Billy Webster Lives His Dream: Scales (Most of) Mount McKinley

Since college, Chief of Staff Billy Webster had dreamed of climbing the highest mountain peak in North America – 20,320-foot Mount McKinley in south central Alaska. The challenge was on the list of ten things in his lifetime posted on his dorm room door. Why McKinley? Webster is not sure. But the pull was there.

Webster says that “Denali” or “The Great One,” as the Alaskans call it, is an awesome mountain, “…and the only way to see it is to walk on it. And of course climbing a peak like this is a physical and mental test….”

Although Webster is an experienced hiker, he had never done anything like an expeditions ascent before. Having spent the past year conditioning and the last five months gaining 25 pounds (“mostly on chocolate milkshakes”): investing thousands of dollars in clothing and equipment (“Your life may depend on the quality of your gear”): and psyching himself up for the four-week ascent, he left Washing D.C. on May 3.

The group of six climbers and three guides roped themselves together – a group of five and a group of four – dependent on one another for survival. Although a number of climbers die on McKinley every year, Webster felt confident; the head guide was one of the best mountaineers in the world.

The group left the base camp at 7,000 feet and spent the first two weeks getting to 14,000 feet where there was a beautiful plateau. So far, the weather had been good. Nights had been -10 to -40 below and the days were in the 30s and 40s.

“On a clear day the air smells great, you can see forever, and the sky is so blue it is nearly black,” Webster says.

He particularly remembers a day of whites. “All around you were different shades of white. The mountain was white, the snow around you was white, the clouds were white, the clouds were white, and then a flock of white snow geese flew across it all. It was eerie, almost surreal.”

As they gained altitude, breathing became more and more difficult. The climbers combatted the thin air of the extreme northern latitude by “power breathing,” a technique they learned to force oxygen into the lungs.

Logistics were tough. “You carry everything with you including 300 pounds of food. To get the stuff up the mountain you have to do everything twice. You take the sled with the food ahead, bury the food, and go back to where you started. You sleep there, then take the rest of the gear up the next day.”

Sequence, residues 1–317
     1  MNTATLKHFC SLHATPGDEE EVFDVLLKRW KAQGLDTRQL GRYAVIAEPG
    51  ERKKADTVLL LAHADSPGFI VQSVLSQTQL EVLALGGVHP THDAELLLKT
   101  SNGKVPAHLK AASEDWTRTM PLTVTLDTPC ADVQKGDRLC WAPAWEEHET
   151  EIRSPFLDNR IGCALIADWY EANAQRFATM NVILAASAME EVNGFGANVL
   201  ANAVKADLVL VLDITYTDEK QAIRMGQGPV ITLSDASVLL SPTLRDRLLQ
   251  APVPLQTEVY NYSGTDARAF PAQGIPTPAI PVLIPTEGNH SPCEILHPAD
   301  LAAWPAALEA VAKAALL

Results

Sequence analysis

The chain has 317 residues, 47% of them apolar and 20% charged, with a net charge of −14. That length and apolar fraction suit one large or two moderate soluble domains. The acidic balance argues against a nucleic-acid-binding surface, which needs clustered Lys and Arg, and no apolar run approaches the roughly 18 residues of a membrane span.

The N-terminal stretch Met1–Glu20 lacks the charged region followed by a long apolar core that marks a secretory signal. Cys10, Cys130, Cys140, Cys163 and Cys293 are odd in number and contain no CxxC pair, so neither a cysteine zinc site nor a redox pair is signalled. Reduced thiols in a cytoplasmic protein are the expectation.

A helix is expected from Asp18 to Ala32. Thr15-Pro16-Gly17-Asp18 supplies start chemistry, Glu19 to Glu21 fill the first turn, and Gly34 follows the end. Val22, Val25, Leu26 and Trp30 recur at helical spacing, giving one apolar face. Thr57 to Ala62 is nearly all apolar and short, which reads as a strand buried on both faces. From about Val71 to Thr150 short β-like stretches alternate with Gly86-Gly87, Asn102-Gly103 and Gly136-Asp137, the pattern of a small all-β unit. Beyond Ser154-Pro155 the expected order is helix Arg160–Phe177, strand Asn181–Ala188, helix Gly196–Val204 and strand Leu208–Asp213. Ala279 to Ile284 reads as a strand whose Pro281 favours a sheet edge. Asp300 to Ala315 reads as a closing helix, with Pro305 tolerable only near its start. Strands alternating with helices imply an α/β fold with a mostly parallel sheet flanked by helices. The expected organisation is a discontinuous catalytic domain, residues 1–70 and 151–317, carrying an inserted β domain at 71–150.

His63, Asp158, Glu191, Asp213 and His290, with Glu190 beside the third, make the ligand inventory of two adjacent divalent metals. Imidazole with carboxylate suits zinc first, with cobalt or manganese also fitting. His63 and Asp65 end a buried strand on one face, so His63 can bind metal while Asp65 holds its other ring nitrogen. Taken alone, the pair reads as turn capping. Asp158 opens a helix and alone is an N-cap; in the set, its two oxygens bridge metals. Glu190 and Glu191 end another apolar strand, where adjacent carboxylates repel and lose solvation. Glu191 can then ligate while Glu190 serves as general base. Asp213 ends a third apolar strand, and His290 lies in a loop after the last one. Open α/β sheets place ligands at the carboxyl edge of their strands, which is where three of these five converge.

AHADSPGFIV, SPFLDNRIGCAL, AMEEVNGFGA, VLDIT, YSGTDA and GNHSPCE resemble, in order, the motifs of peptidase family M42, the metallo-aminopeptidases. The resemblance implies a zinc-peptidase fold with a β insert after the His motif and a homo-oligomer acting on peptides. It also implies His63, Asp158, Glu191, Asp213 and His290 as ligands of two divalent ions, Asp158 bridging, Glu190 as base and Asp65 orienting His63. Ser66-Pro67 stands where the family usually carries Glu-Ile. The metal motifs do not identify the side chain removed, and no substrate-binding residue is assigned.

The daily schedule included melting snow into water and boiling it – a two-hour process at that altitude – both in the morning and evening.

The most difficult aspect of the climb for Webster was sleep. It was almost impossible. “I went for five days and nights with no sleep at all. You wear from six to nine layers of clothing when you are in your sleeping bag – expedition-weight-underwear, a jumpsuit, windsuit, pile pants, a pile jacket, and a lightweight parka. In addition, you have to take many other things into your sleeping bag with you so your body warmth can precent them from freezing – goggles, climbing harness (so buckles won’t freeze), bottles of water, suntan lotion, even your lunch for the next day. You just can’t move. If you do asleep, your shallow breathing will wake you up.”

Even with all that around him, Webster says, he was always cold; he was warm only once-when his glasses froze up and he fell and slid down a steep incline. “While I was waiting to be rescued, I sweated like mad. That was the only time my body warmed up.” From 14,000 feet, the group headed for an ice wall that would take them up to the next broad plateau. Nearing their goal, they saw a weather front coming in their direction. It was impossible to tell how fast it was moving, but they were able to climb to the ice ridge above the wall, dig hoes to hold…

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